Three studies independently characterize the genetic diversity of the parasite that causes malaria in the January 2007 issue of Nature Genetics.
Two of the studies focus on Plasmodium falciparum, the most deadly of the Plasmodium species known to cause human malaria, while one study also compares it to the related Plasmodium reichenowi, which infects chimpanzees. Overall, these data constitute a valuable resource that should improve understanding of drug resistance in malaria, as well as identifying candidate targets for vaccines.
Dyann Wirth and colleagues present a genome-wide map of diversity in P. falciparum, including full genome sequencing of 16 new and geographically diverse strains, and targeted sequencing of an additional 54 worldwide isolates.
In an accompanying study, Xin-zhuan Su, Philip Awadalla and colleagues focus on sequencing of genomic regions coding for proteins within 4 P. falciparum isolates. They sequenced approximately 3,500 genes, representing about 19% of the genome, develop a high-resolution map of genetic variation, and report 7 new candidate targets for vaccines.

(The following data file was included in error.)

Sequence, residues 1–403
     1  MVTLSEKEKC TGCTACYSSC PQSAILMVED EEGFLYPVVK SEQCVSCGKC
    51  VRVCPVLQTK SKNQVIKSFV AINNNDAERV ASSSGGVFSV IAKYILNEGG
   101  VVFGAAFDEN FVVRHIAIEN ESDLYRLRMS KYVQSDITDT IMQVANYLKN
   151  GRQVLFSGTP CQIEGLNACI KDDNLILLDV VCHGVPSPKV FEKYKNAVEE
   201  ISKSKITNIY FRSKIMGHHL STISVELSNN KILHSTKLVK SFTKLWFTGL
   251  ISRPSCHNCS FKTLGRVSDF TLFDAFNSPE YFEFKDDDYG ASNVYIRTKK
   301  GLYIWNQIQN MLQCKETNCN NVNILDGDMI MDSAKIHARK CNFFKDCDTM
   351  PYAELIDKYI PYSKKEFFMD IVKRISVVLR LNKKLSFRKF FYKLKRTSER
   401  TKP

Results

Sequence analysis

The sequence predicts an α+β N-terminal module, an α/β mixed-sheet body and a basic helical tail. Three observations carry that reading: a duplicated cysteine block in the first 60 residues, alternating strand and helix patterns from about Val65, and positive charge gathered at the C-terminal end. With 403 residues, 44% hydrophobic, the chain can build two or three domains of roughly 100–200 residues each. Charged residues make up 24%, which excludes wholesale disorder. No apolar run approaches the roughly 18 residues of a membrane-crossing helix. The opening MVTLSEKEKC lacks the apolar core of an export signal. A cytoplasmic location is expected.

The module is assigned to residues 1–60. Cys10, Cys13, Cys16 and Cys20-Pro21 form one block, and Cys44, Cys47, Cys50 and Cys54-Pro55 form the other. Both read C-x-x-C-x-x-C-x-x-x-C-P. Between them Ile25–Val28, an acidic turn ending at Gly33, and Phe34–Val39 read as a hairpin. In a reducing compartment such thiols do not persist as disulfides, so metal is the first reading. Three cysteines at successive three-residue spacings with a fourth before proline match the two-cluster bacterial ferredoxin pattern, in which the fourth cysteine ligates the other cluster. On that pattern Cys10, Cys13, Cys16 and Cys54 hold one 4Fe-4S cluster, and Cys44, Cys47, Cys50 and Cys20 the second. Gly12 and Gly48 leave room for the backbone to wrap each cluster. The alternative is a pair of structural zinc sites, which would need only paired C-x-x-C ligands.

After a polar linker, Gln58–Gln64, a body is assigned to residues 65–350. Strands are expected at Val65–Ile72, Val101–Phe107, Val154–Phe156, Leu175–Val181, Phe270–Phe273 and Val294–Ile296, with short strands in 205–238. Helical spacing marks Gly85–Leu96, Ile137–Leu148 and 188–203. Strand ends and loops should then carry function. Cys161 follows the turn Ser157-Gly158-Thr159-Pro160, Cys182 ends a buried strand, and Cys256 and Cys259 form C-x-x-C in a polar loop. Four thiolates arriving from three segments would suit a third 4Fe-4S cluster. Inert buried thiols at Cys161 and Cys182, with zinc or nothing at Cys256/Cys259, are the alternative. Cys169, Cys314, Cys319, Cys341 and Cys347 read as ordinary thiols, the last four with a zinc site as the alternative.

In the third study, Manolis Dermitzakis, Matthew Berriman and colleagues provide the first sequence of the P. reichenowi strain, as well as the sequence of two P. falciparum strains, and examine the evolutionary differences between the two. One of the P. falciparum strains, a new uncultured clinical isolate from an individual from Ghana, may provide a better model than strains cultured in the laboratory.
Xin-zhuan Su (National Institutes of Health, Rockville, MD, USA)
Dyann Wirth (Harvard School of Public Health, Boston, MA, USA)
Emmanouil Dermitzakis (Wellcome Trust Sanger Institute, Hinxton, UK)
Additional contact for comment on the papers:
Jane Carlton (New York University School of Medicine, New York, NY, USA)
Abstracts available online:
(C) Nature Genetics press release.
Message posted by: Trevor M. D'Souza
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